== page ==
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WSET ® Level 2 Wine > Sparkling Wines > Flashcards

Flashcards in Sparkling Wines Deck (50)
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1
Q

What exactly are the bubbles in sparkling wine made of?

A

Dissolved carbon dioxide gas (CO2).

2
Q

How do bubbles get into wine?

A

A few ways:

  • Force carbonation (used for low quality, inexpensive wines);
  • As a by-product of fermentation, which can take place in tank or bottle (used for quality wines, e.g. Prosecco or Champagne).
3
Q

What are the 2 types of secondary fermentation used for quality sparkling wines?

Give an example of each.

A
  1. Tank Fermentation, e.g. Prosecco
  2. Bottle Fermentation, e.g. Cava and Champagne
4
Q

What is a “base wine”?

A

Base wine is a still wine that is a result of primary fermentation.

It is usually dry, low in alcohol (10-11%), and high in acid.

5
Q

Base wines are typically a blend of what?

A

Any of the following:

1. Grape varieties

  • e.g. Chardonnay and Pinot Noir

2. Vintages

  • e.g. NV (Non-Vintage)

3. Villages/terroirs

  • e.g. Different vineyards across 2+ villages which can vary in soil type
6
Q

How is secondary fermentation initiated?

A

By adding a sugar + yeast solution to the base wine.

7
Q

What are the 2 major by-products of secondary fermentation?

A
  1. CO2
  2. Alcohol
8
Q

How much alcohol is created by secondary fermentation?

A

About 1.5%

9
Q

CO2 gas that’s created during secondary fermentation – how is that captured so that it stays in the wine?

A

By occuring in a closed vessel, be it a tank or a bottle.

10
Q

What is another term used for “bottle fermentation”?

Give 2 examples of wines that are bottle fermented.

A

Traditional Method (or Méthode traditionelle)

Examples:

  1. Cava
  2. Champage
11
Q

What is the main flavor objective for bottle fermented, or Traditional Method, sparkling wines?

A

Autolytic flavors, such as bread, toast, and biscuit.

Traditional method sparkling wines take on these bread-like flavors from their aging on the lees.

12
Q

In Traditional Method, what step happens after the sugar + yeast solution is added to the base wine?

A

The base wine + sugar + yeast mixture is bottled, sealed with a crown cap, and left to age for several months for autolytic compounds to develop.

Secondary fermentation happens inside that bottle and the CO2 is captured and dissolved in the wine; the CO2 will only be released when the cap is removed.

13
Q

What are some of the things that are created inside a bottle after bottle fermentation is complete?

A
  • Bubbles
  • Alcohol
  • Flavor compounds
  • Sediment
14
Q

What 3 grape varietals make up the base wine of Champagne?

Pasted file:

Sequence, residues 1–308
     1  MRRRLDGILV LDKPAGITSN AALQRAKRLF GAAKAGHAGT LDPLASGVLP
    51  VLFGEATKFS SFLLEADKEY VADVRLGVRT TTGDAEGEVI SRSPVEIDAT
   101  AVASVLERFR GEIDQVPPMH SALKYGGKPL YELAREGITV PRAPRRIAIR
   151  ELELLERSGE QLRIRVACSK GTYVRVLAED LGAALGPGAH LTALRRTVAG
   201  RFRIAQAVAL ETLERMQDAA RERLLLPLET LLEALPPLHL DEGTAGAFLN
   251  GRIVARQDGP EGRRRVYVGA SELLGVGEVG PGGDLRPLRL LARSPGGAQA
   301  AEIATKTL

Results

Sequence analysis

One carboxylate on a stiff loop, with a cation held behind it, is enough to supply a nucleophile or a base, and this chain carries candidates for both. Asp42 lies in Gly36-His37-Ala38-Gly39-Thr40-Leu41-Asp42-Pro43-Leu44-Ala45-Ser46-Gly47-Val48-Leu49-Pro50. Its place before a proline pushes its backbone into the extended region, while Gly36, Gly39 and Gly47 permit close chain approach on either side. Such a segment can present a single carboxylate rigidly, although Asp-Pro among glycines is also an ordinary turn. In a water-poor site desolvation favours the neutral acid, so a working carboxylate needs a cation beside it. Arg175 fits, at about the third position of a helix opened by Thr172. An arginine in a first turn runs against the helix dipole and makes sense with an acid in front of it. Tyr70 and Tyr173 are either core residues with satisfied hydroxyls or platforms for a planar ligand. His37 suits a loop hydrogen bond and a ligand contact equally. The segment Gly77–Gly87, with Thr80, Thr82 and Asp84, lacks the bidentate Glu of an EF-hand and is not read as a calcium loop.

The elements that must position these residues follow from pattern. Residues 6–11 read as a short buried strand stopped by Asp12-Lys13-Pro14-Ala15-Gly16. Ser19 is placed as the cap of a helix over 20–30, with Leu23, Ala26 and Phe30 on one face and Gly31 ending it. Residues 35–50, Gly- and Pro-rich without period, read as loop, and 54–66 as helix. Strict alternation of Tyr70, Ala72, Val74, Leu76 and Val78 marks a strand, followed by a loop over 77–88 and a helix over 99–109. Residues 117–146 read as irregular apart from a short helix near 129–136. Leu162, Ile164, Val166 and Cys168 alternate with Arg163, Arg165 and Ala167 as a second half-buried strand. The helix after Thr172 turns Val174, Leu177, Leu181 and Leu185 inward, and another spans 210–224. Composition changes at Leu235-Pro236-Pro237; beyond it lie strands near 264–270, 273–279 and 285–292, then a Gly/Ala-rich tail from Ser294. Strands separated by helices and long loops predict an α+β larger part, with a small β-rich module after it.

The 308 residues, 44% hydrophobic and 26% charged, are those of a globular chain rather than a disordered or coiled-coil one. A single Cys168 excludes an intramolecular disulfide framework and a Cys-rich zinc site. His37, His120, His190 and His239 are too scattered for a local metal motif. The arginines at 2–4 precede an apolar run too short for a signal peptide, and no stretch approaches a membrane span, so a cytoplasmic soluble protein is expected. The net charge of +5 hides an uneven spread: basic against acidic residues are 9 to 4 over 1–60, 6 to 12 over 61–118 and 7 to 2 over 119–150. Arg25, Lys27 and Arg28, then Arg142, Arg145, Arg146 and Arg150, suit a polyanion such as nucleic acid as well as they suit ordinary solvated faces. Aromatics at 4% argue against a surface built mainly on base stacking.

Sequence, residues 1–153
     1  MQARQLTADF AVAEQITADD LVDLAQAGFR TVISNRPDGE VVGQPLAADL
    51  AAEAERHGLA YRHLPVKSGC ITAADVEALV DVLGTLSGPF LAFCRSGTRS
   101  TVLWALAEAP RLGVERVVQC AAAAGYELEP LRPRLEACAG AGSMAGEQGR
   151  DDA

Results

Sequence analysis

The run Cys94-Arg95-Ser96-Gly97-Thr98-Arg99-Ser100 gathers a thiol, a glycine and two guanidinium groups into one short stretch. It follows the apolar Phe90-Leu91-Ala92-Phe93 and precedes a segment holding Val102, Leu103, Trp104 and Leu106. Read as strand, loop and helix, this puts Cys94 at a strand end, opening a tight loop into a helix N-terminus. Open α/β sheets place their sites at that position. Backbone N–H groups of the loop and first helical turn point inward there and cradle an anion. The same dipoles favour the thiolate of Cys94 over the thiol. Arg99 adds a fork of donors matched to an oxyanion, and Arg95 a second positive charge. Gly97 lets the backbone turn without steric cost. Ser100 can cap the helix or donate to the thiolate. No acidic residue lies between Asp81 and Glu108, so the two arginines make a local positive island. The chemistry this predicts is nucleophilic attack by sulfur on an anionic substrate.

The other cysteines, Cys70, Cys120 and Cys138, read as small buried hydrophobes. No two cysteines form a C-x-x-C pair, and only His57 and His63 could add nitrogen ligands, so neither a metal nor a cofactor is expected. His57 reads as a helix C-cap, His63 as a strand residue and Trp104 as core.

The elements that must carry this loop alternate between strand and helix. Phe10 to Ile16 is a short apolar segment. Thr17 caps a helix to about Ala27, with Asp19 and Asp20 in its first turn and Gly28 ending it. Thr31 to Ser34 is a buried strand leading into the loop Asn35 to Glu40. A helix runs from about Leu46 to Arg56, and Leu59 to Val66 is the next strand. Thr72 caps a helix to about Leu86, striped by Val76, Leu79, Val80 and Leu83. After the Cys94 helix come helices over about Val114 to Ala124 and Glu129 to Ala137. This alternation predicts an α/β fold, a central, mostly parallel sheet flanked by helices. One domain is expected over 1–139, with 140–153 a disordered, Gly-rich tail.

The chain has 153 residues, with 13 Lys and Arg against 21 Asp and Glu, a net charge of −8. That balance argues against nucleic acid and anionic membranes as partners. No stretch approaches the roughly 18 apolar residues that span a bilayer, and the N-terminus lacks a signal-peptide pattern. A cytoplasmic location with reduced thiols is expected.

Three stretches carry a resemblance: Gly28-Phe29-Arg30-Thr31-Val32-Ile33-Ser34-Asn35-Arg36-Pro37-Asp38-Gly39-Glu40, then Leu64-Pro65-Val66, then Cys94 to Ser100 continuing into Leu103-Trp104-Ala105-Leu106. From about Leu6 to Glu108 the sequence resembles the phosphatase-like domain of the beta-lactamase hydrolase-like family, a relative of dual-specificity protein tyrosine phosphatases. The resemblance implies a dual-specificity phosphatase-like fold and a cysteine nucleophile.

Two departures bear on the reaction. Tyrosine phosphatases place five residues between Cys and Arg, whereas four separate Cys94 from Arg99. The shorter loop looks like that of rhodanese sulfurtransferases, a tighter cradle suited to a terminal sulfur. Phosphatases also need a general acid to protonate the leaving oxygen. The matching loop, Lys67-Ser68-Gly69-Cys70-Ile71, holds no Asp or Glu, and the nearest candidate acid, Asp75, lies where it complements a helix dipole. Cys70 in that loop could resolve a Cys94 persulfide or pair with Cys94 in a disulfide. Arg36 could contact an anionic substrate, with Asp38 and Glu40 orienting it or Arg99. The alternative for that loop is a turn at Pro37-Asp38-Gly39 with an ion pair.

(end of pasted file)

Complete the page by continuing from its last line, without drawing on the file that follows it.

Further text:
A
  1. Chardonnay
  2. Pinot Noir
  3. Pinot Meunier
15
Q

What is the climate of Champagne?

A

Cool

16
Q

What makes the Champagne region ideal for making low alcohol, high acid base wines?

A

Because of Champagne’s cool climate, the grapes struggle to ripen so acidity is higher. Less ripening means lower sugars, so there’s less sugar for the yeasts to eat which means lower alcohol.

17
Q

The majority of champagnes are a blend of base wines across many vintages because _____.

A

blending produces consistency year in and year out.

18
Q

What is the term used on champagnes or other sparkling wines when the base wines are blends of different vintages?

A

Non-vintage (NV)

19
Q

What is a Vintage Champagne?

A
  • A champagne that is made of 100% of the grapes from the year stated on the bottle;
  • Only made in exceptional years;
  • See extended periods of lees aging;
  • Complex and age-worthy
20
Q

Describe the profile of a non-vintage Champagne and a Vintage Champagne.

Can you identify what their similarities and differences are?

A

Non-vintage

  • Dry
  • High acid
  • Under-ripe/just-ripe citrus
  • Fresh apple/crunchy pear notes
  • Light autolytic aromas + flavors
  • Not particularly age-worthy/better drunk young

Vintage

  • Dry
  • High acid
  • Mature citrus
  • Bruised apple/pear notes
  • Medium to pronounced autolytic aromas + flavors
  • Honey
  • Caramel
  • Mushrooms
  • Extremely age-worthy/benefits from extended bottle aging
21
Q

What is the minimum requirement of lees aging for non-vintage Champagne?

A

12 months

22
Q

What is the climate of Catalunya?

A

Warm

23
Q

How do the grapes destined for sparkling wine in Catalunya, a warm climate, retain their acidity?

A

Grapes are harvested early.

24
Q

Generally, which has more pronounced autolytic aromas + flavors:

  • NV Champagne
  • NV Cava

Why?

A

NV Champagne

Cava spends less time on its lees than Champagne, which translates to less pronounced autolytic aromas in the final wine.

25
Q

Where in Spain can Cava be made?

A

Most regions in Spain are allowed to produce Cava, but the majority of Cava is made in Catalunya in northeastern Spain.

26
Q

What 2 international grape varietals are allowed in Spanish Cava?

What do they add?

A
  1. Chardonnay
  2. Pinot Noir

Both add acidity and fruit character to Cava.

27
Q

The majority of Cava is made by which kind of producer:

  • small, family-run businesses making high-quality, age-worthy sparkling wines
  • big brands that make large-volume, uncomplicated sparkling wines
A

Big brands, such as Freixenet

Small producers work hard at crafting delicous, quality wines that punch above their weight. Producers to look for include Raventós, Avinyó, and Recaredo.

28
Q